The Supreme Court announced on Aug. 16 that it will hear N.Y. State Rifle & Pistol Association Inc. v. Bruen on Nov. 3. This may be the biggest gun case hearing yet on the High Court docket. There’s no word thus far on whether the case will be heard remotely, as the Court has done recently. The building is still closed to the public, on the order of Chief Justice John Roberts, in response to COVID-19.
The case in question concerns whether states can restrict the right to carry a gun to whomever they choose, or must they broadly allow qualified applicants to carry? With oral arguments so early in the fall term, it may mean a decision in the case this year. Gun rights proponents have been pining for such a case as a follow-up to District of Columbia v. Heller (2008) and McDonald v. Chicago (2010), the two landmark Second Amendment cases.
Will the Second Amendment remain the redheaded stepchild of the Bill of Rights, forever seated at the kids’ table of recognized rights? Perhaps not, this time, given the make-up of the Court.
Always a Bridesmaid …
In 2020, the Supreme Court turned down the chance to make a major ruling in a Second Amendment case. New York City’s gun transportation law, which forbade almost all transportation of a firearm, was scheduled to get a hearing at the Supreme Court. In fear of what would likely happen — namely a bright-line, pro-gun ruling — Democrats quickly revised the law in the hopes that it would prevent High Court review. They were right, and the Court declined to review, earning criticism for refusing to enforce gun rights Americans hold under the Heller decision. At the moment, those rights are very much up in the air.
President Joe Biden is currently battling Senate Democrats over the administration and enforcement of gun laws, as appointment of BATF director nominee David H. Chipman has stalled. Chipman has said the AR-15, the nation’s most popular rifle, should be treated as a machine gun, the most highly regulated firearm class.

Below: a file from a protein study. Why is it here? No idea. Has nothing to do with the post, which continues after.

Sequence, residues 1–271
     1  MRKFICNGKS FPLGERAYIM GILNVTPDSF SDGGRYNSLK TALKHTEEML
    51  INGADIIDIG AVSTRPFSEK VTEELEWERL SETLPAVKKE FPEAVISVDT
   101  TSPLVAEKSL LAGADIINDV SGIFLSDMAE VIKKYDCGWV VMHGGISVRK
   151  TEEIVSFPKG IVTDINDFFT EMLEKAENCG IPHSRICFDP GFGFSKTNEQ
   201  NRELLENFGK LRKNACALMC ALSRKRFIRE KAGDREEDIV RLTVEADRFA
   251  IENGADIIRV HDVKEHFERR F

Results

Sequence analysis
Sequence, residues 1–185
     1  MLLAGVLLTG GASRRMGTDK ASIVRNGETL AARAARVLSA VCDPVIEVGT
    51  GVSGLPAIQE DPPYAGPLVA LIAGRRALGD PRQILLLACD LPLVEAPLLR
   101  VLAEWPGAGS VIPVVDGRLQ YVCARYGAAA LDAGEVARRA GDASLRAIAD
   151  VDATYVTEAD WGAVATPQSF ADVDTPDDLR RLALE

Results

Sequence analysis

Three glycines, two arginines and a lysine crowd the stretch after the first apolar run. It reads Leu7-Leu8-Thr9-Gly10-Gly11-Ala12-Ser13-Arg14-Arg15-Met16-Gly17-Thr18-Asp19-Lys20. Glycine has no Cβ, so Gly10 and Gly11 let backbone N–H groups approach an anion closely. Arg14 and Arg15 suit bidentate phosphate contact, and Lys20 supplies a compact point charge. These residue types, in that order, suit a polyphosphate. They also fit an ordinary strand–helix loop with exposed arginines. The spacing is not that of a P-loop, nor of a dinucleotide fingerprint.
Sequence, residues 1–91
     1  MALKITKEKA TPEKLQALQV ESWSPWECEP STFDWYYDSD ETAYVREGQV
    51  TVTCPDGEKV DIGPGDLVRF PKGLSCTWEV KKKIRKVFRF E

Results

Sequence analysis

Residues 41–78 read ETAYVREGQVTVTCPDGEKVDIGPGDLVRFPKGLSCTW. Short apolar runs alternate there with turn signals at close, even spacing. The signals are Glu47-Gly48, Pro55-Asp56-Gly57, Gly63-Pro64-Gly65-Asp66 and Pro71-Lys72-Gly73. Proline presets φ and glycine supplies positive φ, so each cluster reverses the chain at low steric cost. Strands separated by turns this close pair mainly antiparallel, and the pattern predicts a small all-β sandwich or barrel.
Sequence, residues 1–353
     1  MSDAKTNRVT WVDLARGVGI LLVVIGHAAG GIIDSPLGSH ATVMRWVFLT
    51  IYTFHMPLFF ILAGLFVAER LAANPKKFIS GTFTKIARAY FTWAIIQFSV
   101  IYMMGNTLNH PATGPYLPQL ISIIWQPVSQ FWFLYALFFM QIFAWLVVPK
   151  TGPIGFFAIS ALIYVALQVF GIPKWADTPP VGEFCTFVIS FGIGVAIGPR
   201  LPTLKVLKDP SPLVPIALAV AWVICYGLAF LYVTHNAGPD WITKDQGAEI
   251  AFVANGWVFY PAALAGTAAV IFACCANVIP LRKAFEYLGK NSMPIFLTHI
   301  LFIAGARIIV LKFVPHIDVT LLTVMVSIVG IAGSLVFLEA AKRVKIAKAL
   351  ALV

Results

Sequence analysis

Meanwhile, the battle in the lower courts to make meaningful sense of the current gun control caselaw rages on as gun owners struggle to see their rights respected. Recently the Minnesota Gun Owners Caucus joined others to file suit for their right to carry freely at a public event, the state fair. They argue the state police and the Minnesota State Agricultural Society, the fair host, are acting illegally by “prohibiting the lawful carry of firearms on the state fairgrounds or during the Minnesota State Fair.” This suit and others like it might become moot sooner rather than later at the hands of the Supreme Court.
Making It Moot
The New York Rifle & Pistol Association case presents the best chance in a long time for the Court to articulate a major pro-gun ruling. It’s easy to see how a six-justice majority might sign a solid pro-gun landmark. Justices Amy Coney Barrett, Brett Kavanaugh, Neil Gorsuch, Samuel Alito, Clarence Thomas, and Roberts could join in an opinion declaring Second Amendment rights must be as respected as abortion rights, for instance. We have rulings declaring the Second Amendment fundamental and applying it to the states, but there has been no strict application. We’ll soon learn whether that’s happenstance or intransigence among some members of the Court.
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